Dear Friends and Family,
On a good day, Port au Prince streets are dusty evidence of years of road neglect mixed with sidewalk-kitchen's charcoal smoke and plumes of unchecked diesel exhaust. Now death mixes with the dust, causing folks to reach anxious arms into the back of our truck when I pulled out my own face mask, a tactical error on my part. Another bounce of our pick-up truck forced more dust up from earthquake rubble kicking back. Our six bags of meds and supplies were safe. We all felt safe, maybe even more than any other time in Haiti. The people are numb, my friends are numb and in lucky moments I felt numb too.
It’s those other moments you have to watch out for. Those times when the death and agony take on faces and sounds you think you will never stop hearing and seeing.
Working at the Matthew 25 house field hospital brought many of those moments; the near ghost of a woman carried out post-surgery from our dining room table, who wouldn’t make it through the night; the young girl who took her place on the dining room table; the newly arrived doctor from the states who couldn’t stop muttering as we transferred one of his patients onto a dirty piece of cardboard in the dust…“this is post-op?…this is post-op?….this is post-op?”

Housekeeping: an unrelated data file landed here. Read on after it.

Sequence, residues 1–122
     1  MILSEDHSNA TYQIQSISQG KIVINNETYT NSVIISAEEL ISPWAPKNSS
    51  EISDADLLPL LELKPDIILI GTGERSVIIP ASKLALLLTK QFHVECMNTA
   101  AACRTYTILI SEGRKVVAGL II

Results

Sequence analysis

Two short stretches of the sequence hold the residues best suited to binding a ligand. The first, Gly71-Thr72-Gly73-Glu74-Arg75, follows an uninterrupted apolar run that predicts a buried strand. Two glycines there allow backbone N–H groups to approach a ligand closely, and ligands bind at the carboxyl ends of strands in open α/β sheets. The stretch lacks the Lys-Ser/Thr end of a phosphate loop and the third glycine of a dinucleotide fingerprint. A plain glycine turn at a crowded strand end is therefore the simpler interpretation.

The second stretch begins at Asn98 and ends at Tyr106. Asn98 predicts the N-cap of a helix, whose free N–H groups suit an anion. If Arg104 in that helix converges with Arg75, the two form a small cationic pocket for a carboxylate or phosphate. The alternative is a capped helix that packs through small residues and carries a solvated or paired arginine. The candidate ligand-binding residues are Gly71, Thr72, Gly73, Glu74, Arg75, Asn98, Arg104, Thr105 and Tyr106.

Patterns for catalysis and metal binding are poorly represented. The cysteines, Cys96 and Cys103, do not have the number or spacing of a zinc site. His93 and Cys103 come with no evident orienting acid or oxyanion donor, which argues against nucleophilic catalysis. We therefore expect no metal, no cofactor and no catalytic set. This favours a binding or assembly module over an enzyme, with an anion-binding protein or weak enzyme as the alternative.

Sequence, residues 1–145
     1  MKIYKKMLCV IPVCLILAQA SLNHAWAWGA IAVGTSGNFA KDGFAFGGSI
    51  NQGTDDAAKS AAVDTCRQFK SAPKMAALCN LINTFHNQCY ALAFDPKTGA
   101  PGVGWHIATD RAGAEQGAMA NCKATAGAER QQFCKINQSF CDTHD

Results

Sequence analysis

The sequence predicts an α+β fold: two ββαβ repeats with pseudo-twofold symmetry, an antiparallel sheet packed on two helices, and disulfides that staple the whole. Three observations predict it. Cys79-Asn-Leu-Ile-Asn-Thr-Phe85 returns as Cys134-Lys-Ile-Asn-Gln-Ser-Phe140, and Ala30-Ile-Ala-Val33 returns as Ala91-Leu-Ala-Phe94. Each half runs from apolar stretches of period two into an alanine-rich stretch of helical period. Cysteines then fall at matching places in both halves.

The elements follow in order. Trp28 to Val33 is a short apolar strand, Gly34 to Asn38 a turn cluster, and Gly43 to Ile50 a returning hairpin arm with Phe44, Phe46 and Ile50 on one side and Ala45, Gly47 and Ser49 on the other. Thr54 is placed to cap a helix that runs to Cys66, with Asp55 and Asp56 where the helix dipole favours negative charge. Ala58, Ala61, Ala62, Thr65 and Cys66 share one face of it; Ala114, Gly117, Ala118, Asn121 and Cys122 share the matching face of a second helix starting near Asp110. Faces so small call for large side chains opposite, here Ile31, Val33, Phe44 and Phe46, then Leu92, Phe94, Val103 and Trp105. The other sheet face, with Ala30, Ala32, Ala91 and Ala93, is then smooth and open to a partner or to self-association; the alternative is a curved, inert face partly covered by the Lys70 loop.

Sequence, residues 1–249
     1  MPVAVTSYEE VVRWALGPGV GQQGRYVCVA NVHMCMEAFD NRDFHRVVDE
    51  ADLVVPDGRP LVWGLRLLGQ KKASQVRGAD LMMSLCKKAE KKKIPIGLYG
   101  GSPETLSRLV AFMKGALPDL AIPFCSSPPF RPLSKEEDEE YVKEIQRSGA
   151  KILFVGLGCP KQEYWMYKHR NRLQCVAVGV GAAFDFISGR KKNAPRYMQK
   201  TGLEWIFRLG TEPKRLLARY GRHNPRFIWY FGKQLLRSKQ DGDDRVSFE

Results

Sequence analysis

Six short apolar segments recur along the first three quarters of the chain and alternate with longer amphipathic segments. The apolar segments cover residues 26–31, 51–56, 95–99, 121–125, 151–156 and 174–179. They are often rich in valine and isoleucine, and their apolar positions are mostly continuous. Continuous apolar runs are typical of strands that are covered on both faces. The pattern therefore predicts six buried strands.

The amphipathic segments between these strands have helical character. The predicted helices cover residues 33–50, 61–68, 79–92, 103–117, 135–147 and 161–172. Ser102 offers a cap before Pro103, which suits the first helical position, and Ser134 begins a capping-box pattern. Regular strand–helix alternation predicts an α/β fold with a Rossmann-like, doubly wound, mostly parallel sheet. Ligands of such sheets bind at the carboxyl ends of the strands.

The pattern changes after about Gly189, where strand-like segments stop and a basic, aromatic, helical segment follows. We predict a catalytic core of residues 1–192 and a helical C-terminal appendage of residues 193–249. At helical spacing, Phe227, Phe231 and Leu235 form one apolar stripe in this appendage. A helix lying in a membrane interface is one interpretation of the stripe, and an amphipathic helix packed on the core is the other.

But between them all was a special end to the day. After working with a local doctor in the make-shift pharmacy we heard something quite welcome and different rise up from the field out back. Sweet voices raised in prayer and song drew us again out into the soccer-field-turned-survivor-camp. Without electricity, running water or enough to eat, everyone in the survivor camp seemed to remember it was Sunday, and welcomed us into their circle. I could have as well been in any Californian congregation during the “peace-be-with-you-welcome”. A local Haitian priest presided over the sacrament. Someone found a drum to gently respond to the cadence. We shook hands and felt lifted for a moment out of the shared sorrow, or maybe lifted because we were all sharing the same sorrow. There was mostly and profoundly, calm.
Days later, we distributed all the medical supplies we carried and came home. We stock up, and in just one week will return on Thursday with a team of ten and over a thousand pounds of medicine and supplies. Please remember to keep pledging…or just encourage someone you know to make their own pledge. We are in this recovery for the long haul…there is much work to do…but as the Haitian saying goes, “many hands make the burden lighter.”
If you want to see some of the images from our January trip into Haiti, please take a moment to look over these images by Paul Taggart (for AARP). Thanks Paul, for staying in Haiti and helping even after your assignment finished.